He grew up in an industrial town in the north of England attending the local grammar school and going on to read Physics at University College London. He started research working on galaxy dynamics in Cambridge in the 1970s after which he moved to California before spending 6 years on the staff of the US National Observatory in Tucson, Arizona. As part of the “7 Samurai” team he worked out a new way of measuring the distances to galaxies and discovered the “Great Attractor”, a huge concentration of galaxy clusters in the southern sky. He moved to Oxford in 1988 to lead the UK’s participation in the construction of the 8m Gemini telescopes, in Hawaii and Chile. In 1994 he took up the post of Professor of Astronomy at Durham University returning to Oxford in 2002 where he was Head of the Physics Department from 2005-10. He is the founding Director of the Hintze Centre for Astrophysical Surveys. He was President of the Royal Astronomical Society 2010-12, is a Fellow of University College London, and holds an Honorary Degree from Claude Bernard University in Lyon, France. He is currently President of the European Astronomical Society.

He has a long standing commitment to engaging the public in science and has lectured widely on modern astronomy including on the Cunard Queen Mary 2 liner. He has also led trips to see the Northern Lights and the 2017 total eclipse. His research interests centre on cosmology and how galaxies form and evolve. He has observed at many of the world’s leading observatories including those in the Canary Islands, Hawaii, Chile, Australia and the United States. He has also been involved in the development of new astronomical instruments & telescopes. In recent years he has pioneered the use of a new class of astronomical spectrograph to measure the masses and ages of galaxies, as well as search for black holes in their nuclei.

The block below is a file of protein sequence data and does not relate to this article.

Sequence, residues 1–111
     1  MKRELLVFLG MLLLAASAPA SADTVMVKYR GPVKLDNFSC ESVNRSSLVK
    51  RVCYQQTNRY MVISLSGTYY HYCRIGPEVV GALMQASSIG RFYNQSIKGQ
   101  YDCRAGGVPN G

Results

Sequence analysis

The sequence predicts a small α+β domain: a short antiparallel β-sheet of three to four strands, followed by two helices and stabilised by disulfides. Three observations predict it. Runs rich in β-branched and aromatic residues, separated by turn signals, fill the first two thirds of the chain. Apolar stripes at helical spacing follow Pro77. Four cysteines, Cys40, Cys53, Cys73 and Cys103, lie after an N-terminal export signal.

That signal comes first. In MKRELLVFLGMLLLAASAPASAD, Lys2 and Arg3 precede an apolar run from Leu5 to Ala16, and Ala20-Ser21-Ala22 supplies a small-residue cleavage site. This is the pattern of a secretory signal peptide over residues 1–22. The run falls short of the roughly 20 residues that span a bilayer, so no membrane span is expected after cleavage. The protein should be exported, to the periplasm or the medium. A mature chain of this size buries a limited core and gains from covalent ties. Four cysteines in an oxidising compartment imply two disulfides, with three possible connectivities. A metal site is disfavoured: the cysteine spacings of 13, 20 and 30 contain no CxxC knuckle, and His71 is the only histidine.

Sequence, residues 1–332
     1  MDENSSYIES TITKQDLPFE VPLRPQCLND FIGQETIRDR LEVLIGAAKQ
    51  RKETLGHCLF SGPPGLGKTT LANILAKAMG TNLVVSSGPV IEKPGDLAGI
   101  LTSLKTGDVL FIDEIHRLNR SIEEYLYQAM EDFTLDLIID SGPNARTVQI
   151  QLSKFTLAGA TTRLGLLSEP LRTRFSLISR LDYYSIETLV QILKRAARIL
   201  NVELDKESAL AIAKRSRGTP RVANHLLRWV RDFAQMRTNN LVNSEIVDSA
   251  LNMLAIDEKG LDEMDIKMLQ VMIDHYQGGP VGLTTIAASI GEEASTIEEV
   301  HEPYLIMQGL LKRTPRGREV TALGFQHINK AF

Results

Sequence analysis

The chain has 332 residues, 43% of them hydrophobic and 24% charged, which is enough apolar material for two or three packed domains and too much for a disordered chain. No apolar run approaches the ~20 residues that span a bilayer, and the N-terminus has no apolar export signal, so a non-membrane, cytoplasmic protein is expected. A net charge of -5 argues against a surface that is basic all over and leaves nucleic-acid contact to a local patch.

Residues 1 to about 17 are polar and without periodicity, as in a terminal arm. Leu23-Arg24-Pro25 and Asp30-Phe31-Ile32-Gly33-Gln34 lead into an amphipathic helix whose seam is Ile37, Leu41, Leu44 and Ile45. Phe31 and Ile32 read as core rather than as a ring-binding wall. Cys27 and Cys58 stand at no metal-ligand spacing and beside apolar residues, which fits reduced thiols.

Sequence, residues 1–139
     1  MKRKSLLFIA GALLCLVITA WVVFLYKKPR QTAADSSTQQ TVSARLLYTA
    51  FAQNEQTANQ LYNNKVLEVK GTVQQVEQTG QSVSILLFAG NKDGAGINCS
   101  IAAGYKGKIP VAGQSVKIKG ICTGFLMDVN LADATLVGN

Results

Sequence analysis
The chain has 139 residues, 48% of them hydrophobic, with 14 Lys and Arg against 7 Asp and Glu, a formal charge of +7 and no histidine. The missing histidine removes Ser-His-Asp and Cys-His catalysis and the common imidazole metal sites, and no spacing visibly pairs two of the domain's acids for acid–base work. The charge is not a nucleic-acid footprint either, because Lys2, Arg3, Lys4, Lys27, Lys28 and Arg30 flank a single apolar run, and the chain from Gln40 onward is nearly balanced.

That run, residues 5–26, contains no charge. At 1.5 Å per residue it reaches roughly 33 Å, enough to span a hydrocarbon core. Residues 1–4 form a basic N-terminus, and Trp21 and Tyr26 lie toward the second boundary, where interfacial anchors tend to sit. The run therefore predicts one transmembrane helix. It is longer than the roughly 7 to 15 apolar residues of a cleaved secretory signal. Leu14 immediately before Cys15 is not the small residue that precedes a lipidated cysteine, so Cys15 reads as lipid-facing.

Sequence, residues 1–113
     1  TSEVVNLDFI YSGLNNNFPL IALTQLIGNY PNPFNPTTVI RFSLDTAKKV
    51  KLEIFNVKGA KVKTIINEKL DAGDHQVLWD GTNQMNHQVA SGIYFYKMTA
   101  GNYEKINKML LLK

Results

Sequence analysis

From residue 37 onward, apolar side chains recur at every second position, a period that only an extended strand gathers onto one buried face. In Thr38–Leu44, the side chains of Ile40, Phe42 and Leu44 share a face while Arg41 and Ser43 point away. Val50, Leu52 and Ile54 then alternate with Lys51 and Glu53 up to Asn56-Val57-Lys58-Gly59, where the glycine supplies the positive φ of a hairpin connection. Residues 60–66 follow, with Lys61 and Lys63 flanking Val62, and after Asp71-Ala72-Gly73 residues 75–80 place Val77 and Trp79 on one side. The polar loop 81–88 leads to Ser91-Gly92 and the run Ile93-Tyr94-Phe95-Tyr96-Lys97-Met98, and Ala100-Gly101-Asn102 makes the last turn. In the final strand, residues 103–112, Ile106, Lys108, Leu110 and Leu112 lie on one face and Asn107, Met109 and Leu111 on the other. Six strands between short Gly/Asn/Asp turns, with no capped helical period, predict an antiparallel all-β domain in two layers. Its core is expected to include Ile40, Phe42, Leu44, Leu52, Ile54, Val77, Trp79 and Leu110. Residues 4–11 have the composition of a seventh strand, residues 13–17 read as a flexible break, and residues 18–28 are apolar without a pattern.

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11/2018: AGM & Talk: Quest for Beef Replacement (M. Springmann)

Place and Time: Abingdon, Thursday 15 November 2018 from 19:00 for 19:30

King Charles Room, King’s Head and Bell, (10 E St Helen St, Abingdon OX14 5EA)

TITLE: The Quest for the Best Beef Replacement

Livestock is a major driver of climate change, and red meat (including beef, lamb and pork) has recently been declared as likely carcinogenic by the cancer agency of the World Health Organisation. Against this backdrop, I evaluate a range of potential meat alternatives from nutritional, health, climate change, and affordability perspectives. The alternatives include traditional replacements based on legumes, nuts, tofu and wheat-based products, and also more recent products based on algae, jackfruit, fungus-based mycoprotein, and edible insects.

Speaker: Marco Springmann

Marco is a senior researcher in the Centre on Population Approaches for Non-Communicable Disease Prevention in the Nuffield Department of Population Health, and leads the Centre’s programme on environmental sustainability and public health. He is interested in the health, environmental, and economic dimensions of the global food systems. He often uses systems models to provide quantitative estimates on food-related questions. He is currently working on a multidisciplinary project focused on the analysis and management of animal products and their substitutes called “Livestock, Environment and People” (LEAP). (http://www.futureoffood.ox.ac.uk/project/future-meat-and-dairy-fomad)